Photo Credit: Kimberly Joy and Bekir Dönmez on Unsplash

Bubbling Up

bubbles with grass in backgroundSometimes we don’t know what to write even though we’ve made a commitment to write every day. What then?

 There are many writing prompt books, such as Judy Reeves’, A Writer’s Book of Days. These are helpful to get started, but if you can’t get your hands on one of these, don’t fret. There is a meditation trick you can try. By employing this trick, you will meet both your commitment to meditate and your commitment to write. Win win.

 Often on a meditation retreat, the facilitator will start by asking the group to do a short exercise to find our intention for the retreat. As we begin, the facilitator will guide us to the calm within. Then, without “thinking” about it, we are invited to allow our intention for the retreat to bubble up from within.  Like a cat watching a mouse hole, we watch and see what word or phrase spontaneously reveals itself from the unconscious. This word is the prime that we will work with, that we will refine, that we will spend the rest of the retreat investigating.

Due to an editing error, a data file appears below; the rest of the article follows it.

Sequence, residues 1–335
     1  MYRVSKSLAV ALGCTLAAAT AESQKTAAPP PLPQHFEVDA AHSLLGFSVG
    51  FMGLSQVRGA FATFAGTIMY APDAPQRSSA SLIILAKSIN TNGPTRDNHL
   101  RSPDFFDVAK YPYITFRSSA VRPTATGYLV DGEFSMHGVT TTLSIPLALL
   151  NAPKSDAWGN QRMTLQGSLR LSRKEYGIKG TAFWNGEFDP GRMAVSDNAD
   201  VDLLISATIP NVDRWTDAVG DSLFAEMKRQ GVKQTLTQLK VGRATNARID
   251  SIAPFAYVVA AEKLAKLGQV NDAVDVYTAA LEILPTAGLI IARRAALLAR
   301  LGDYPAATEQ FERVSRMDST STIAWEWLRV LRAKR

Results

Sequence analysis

At my latest retreat, I heard the word “acceptance” come up. I took the word to my room and began writing about it. As I wrote, I discovered that the word “acceptance” carried some baggage with it.  It felt depressing to just “accept” life as it was. There was no juice in it. My pen kept moving, and I found myself writing that I was interested in something much broader than acceptance.  I didn’t want to accept life as it was, I wanted to “fall in love” with it, exactly as it was—messy chaos and all.  In a blink, I wrote my true intention and saw it also as the title of my next book: “Enlivenment: The Art of Living Imperfectly but with Great Delight.” I spent the rest of the retreat examining the concept of delight.

 And this, this is what a great writing prompt will do for you. It will free your mind and allow you to get to the heart of the matter.